Preparing to Defend my Flock

June 1, 2011

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A predator crept onto the property then quietly left with a hen in its mouth. I didn’t witness the scene but that evening when I stepped into the running pen to gather eggs, a large clump of feathers and hide was lying beside the feeder. The headcount was one less.

I had spent most of that day outside spreading wood chips. I didn’t hear a peep. No loud squawks. No rush of flapping wings. No warning honks from my pet turkey, Miss Boo Boo. On the rare occasion that the chickens have fled for safety, I’d hear their shrieks from inside my house. This time, I didn’t even hear them while I was working outdoors. Whatever species the predator, it was sneaky, rapid, inaudible as a silent movie, and as deadly as a bear trap.

The next evening, a sick hen that I had nursed died. For several days, I had carried her to the water bowl then the feeder.  She seemed happy to be eating and drinking. Still she was fading. Afterwards, I’d put her into a nesting box to protect her from the other hens. A flock will peck at a sick or injured hen to establish hierarchy status or to remove a weak member.  It’s a terrible scene to encounter so I do everything possible to stop muggings in the running pen.

When I discovered the hen’s body in the nesting box, it was late and nearly dark so I laid her in the tall weeds outside the coop. Early the next morning I returned to bury her but the mysterious predator had come back. (The details are too horrible to share.) Angry with myself, and the beast that robbed a hard-working chicken of a dignified, humane burial, I decided it was time to learn how to handle a gun. Later, I called my son, Jason, and the following weekend he came over with his 22. He set up water bottles then gave me safety instructions and shooting lessons.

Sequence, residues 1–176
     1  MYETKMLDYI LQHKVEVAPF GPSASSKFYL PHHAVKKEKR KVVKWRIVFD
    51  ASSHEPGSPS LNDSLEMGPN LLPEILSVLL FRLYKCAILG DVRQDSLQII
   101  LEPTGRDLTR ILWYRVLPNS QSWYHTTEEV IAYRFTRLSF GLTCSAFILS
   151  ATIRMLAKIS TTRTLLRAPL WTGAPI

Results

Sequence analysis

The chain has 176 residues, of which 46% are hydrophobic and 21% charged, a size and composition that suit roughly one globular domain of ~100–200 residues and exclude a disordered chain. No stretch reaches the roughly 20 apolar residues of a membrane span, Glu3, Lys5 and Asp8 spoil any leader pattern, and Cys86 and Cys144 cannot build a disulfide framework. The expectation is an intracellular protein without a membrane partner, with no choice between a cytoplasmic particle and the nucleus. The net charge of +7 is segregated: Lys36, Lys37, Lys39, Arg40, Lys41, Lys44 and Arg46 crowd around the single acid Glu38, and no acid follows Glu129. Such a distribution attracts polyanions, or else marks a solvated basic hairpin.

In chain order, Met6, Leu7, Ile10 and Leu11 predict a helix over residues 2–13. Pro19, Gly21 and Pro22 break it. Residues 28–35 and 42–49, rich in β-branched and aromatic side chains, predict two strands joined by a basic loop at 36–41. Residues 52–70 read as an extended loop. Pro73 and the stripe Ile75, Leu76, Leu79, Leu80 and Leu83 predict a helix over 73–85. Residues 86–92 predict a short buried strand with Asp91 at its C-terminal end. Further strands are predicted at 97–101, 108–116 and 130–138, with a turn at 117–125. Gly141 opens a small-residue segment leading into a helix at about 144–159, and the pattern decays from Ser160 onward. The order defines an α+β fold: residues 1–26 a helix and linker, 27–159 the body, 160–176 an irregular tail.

The distance between the stock and the barrel was a little long for my short arms and my eyes kept seeing double. Still, I managed to hit the bottles. I also hit the nearby silver maple leaves and the foxtails. When Jason went home, he left his gun so I could practice. Having done so several days now, I realize that by the time I get to the gun, unzip the case, take out the 22, get to the bullets, load, and go outside, the predator will have eaten the whole flock. I suppose I’ll have to set up camp in the running pen. I too can be a sneaky, inaudible predator. Copyright © Dianne Marie Andre



  1. …i like the last line…get ’em.


  2. Wow, what a terrible experience. But looks like you are ‘taking the bull by the horns’ and getting prepared!

    Speaking of predators, my neighbor called over the backyard fence today when I was working in the garden. “Bernadette,” she said. She still calls me Bernadette after 10 years of living nextdoor, so I just answer. Then she told me that on Thursday night about 9:30 p.m. there was a BIG raccoon in her backyard. She said it had a head as big as 3 cats heads.

    Then I rememberd our cat “L” scurried in the open door last Thursday night about the same time, lickety split – and hid for an hour after she got inside. We also heard a big ‘thud’, went outside to look around, but nothing was amiss. Now we think it was that BIG raccoon. And the scary part is…we live in the city. I guess predators can infiltrate anywhere. bernadine


  3. Sorry about your loss. Hope this weather improves for your “taking up camp” experiences.


    • No camping yet, but no sign of the predator either which could have been the huge raccoon dead on the side of the road.


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